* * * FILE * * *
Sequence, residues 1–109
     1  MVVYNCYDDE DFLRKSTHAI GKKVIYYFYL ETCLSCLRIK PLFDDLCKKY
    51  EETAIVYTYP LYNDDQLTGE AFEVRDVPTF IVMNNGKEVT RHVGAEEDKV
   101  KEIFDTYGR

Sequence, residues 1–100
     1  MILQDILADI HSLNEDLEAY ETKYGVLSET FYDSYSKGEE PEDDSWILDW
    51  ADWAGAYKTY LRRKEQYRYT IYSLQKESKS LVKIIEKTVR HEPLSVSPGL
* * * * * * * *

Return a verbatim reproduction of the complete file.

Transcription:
Sequence, residues 1–109
     1  MVVYNCYDDE DFLRKSTHAI GKKVIYYFYL ETCLSCLRIK PLFDDLCKKY
    51  EETAIVYTYP LYNDDQLTGE AFEVRDVPTF IVMNNGKEVT RHVGAEEDKV
   101  KEIFDTYGR

Sequence, residues 1–100
     1  MILQDILADI HSLNEDLEAY ETKYGVLSET FYDSYSKGEE PEDDSWILDW
    51  ADWAGAYKTY LRRKEQYRYT IYSLQKESKS LVKIIEKTVR HEPLSVSPGL